The idea for the piece form my childhood. When I was one year old my parents separated. My mother moved to Los Angeles and my father stayed in New York. Since they arranged divided custody, I travelled back and forth by train frequently between New York and Los Angeles from 1939 to 1942 accompanied by my governess. While the trips were exciting and romantic at the time I now look back and think that, if I had been in Europe during this period, as a Jew I would have had to ride very different trains. With this in mind I wanted to make a piece that would accurately reflect the whole situation. In order to prepare the tape I did the following:
- Record my governess Virginia, then in her seventies, reminiscing about our train trips together.
- Record a retired Pullman porter, Lawrence Davis, then in his eighties, who used to ride lines between New York and Los Angeles, reminiscing about his life.
- Collect recordings of Holocaust survivors Rachella, Paul and Rachel, all about my age and then living in America – speaking of their experiences.
- Collect recorded American and European train sounds of the ‘30s and ‘40s.
In order to combine the taped speech with the string instruments I selected small speech samples that are more or less clearly pitched and then notated them as accurately as possible in musical notation.
The strings then literally imitate that speech melody. The speech samples as well as the train sounds were transferred to tape with the use of sampling keyboards and a computer. Three separate string quartets are also added to the pre-recorded tape and the final live quartet part is added in performance.
Different Trainsis in three movements (played without pause), although that term is stretched here since tempos change frequently in each movement. They are:
- America- Before the war
- Europe – During the war
- After the war
The piece thus presents both a documentary and a musical reality and begins a new musical direction. It is a direction that I expect will lead to a new kind of documentary music video theatre in the not too distant future. ” (*) Steve Reich over Double Sextet (2007) : ” There are two identical sextets in Double Sextet. Each one is comprised of flute, clarinet, vibraphone, piano, violin and cello. Doubling the instrumentation was done so that, as in so many of my earlier works, two identical instruments could interlock to produce one overall pattern. For example, in this piece you will hear the pianos and vibes interlocking in a highly rhythmic way to drive the rest of the ensemble.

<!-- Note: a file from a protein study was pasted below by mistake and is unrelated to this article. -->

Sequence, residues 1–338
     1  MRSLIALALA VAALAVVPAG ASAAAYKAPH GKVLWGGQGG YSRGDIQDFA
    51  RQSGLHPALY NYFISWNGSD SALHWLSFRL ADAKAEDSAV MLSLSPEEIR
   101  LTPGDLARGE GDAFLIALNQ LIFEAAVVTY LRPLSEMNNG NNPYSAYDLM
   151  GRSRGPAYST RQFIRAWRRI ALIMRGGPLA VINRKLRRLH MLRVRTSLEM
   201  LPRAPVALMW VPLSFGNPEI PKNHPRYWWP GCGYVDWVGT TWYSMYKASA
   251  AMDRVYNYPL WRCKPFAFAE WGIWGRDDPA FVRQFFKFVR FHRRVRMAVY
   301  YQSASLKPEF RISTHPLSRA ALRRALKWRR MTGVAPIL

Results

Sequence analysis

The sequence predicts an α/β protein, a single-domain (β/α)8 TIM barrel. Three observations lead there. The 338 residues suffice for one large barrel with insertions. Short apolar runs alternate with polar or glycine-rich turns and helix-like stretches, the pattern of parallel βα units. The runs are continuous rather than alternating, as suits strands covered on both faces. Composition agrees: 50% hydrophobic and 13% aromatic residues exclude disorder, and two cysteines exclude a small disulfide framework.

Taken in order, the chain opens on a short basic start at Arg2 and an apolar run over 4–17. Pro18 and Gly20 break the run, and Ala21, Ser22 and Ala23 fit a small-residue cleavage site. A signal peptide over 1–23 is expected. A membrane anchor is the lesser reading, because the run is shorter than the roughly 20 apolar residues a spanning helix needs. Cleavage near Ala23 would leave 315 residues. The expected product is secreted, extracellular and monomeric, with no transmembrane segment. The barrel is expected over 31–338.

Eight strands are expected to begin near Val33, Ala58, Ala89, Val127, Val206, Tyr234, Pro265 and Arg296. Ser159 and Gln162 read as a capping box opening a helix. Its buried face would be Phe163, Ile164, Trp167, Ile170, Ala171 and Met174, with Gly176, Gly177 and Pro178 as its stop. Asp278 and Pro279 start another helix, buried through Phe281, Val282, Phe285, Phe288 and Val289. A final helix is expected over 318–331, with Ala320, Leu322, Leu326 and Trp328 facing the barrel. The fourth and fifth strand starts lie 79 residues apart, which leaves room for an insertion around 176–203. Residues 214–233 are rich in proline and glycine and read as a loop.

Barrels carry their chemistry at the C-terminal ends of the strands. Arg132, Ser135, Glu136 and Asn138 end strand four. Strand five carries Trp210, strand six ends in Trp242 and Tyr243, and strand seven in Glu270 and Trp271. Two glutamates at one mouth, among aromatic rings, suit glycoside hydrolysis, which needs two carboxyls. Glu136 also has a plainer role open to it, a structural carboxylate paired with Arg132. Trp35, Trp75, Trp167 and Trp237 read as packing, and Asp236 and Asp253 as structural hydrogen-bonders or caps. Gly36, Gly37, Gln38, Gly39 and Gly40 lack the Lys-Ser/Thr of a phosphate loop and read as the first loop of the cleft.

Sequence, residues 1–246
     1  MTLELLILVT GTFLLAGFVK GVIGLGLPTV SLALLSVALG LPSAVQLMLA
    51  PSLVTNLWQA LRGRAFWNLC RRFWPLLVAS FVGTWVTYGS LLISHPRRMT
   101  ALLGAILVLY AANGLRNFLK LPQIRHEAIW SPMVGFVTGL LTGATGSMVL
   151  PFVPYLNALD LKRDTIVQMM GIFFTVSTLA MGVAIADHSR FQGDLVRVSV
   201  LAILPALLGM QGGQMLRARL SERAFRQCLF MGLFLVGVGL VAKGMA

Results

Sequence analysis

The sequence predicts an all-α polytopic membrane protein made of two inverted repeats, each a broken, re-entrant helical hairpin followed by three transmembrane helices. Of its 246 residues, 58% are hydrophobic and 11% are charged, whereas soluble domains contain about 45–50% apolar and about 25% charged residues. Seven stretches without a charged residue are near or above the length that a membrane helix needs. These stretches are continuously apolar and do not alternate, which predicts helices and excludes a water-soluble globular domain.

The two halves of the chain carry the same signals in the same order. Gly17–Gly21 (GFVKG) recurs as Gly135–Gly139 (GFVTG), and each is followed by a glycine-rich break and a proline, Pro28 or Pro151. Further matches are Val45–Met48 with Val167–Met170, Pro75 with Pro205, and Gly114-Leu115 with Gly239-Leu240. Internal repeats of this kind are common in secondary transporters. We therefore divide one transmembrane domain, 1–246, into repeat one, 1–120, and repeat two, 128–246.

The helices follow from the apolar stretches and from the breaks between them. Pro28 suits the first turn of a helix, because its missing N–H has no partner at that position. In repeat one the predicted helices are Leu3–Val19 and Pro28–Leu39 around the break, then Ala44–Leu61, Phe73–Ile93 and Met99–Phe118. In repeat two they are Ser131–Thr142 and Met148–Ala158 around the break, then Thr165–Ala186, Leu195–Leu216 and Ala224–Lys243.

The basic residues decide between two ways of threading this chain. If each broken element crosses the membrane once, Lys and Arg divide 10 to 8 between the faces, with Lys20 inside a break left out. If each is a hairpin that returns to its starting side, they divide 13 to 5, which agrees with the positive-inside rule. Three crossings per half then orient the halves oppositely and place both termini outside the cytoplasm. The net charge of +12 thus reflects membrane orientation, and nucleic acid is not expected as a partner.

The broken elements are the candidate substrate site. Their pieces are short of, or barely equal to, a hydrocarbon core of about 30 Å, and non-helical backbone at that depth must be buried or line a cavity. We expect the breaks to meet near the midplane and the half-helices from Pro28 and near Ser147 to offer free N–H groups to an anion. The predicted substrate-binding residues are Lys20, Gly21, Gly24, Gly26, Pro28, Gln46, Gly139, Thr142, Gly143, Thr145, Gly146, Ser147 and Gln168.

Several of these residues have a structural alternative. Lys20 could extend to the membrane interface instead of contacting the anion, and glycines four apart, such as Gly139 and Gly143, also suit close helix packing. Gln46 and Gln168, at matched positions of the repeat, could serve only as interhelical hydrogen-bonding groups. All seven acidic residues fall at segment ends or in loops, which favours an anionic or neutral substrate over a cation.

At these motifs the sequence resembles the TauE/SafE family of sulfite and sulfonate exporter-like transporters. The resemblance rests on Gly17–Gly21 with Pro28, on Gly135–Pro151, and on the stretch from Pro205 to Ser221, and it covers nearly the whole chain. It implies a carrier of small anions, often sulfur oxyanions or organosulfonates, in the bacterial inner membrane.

The piece can be played in two ways; either with 12 musicians, or with six playing against a recording of themselves. In these premiere performance you will hear the sextet Eighth Blackbird, who commissioned the work, playing against their recording.
The idea of a single player playing against a recording of themselves goes all the way back to Violin Phase of 1967 and extends though Vermont Counterpoint (1982), New York Counterpoint (1985), Electric Counterpoint (1987) and Cello Counterpoint (2003). The expansion of this idea to an entire chamber ensemble playing against pre-recordings of themselves begins with Different Trains (1988) and continues with Triple quartet (1999) and now to Double Sextet. By doubling an entire chamber ensemble one creates the possibility for multiple simultaneous contrapuntal webs of identical instruments. In Different Trains and Triple Quartet all instruments are strings to produce one large string fabric. In Double Sextet there is more timbrel variety through the interlocking of six different pairs of percussion, string and wind instruments.
The piece is in three movements fast, slow, fast and within each movement there are four harmonic sections built around the keys of D, F, Ab and B or their relative minor keys b,d,f and g#. As in almost all my music, modulations from one key to the next are sudden, clearly setting off each new section.
Double Sextet is about 22 minutes long and was completed in October 2007. It was commissioned by Eighth Blackbird and will receive its world premiere by that group at the University of Richmond in Virginia on March 26, 2008. The New York Premiere will be at Carnegie Zankel Hall on April 17, 2008. ” (*)
– Steve Reich, Electric Counterpoint – 2×5 – Different Trains – Double Sextet
Tijd en plaats van het gebeuren :
Musiques Nouvelles : Steve Reich
Woensdag 25 april 2011 om 20.00 u
Bozar – Brussel
Beluister alvast Steve Reichs Electric Counterpoint
Steve Reichs 2×5
en het eerste deel uit Steve Reichs Different trains